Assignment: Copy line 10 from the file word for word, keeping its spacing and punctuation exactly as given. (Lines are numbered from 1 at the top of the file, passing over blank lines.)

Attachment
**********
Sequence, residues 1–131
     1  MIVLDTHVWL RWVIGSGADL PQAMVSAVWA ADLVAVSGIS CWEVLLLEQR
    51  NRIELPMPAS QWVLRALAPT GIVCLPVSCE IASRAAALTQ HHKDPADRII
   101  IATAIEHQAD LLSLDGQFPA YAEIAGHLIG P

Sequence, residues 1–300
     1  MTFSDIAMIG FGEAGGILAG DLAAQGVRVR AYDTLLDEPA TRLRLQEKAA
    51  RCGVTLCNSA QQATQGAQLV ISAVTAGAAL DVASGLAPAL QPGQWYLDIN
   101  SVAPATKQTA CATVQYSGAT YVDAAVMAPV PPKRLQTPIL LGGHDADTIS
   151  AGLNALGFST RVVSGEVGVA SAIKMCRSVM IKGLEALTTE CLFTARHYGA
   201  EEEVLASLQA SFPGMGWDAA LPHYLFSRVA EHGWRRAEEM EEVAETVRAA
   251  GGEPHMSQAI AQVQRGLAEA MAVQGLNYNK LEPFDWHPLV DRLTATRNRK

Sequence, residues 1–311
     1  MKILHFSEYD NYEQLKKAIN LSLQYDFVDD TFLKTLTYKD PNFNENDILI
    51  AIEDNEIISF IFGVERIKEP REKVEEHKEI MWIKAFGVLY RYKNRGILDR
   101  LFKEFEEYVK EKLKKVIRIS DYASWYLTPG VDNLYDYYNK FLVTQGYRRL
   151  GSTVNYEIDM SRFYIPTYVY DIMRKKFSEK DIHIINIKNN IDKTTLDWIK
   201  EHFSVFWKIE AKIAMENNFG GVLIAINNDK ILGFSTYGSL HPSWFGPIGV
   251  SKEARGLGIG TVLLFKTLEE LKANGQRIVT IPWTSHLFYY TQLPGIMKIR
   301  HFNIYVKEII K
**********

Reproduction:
   201  EEEVLASLQA SFPGMGWDAA LPHYLFSRVA EHGWRRAEEM EEVAETVRAA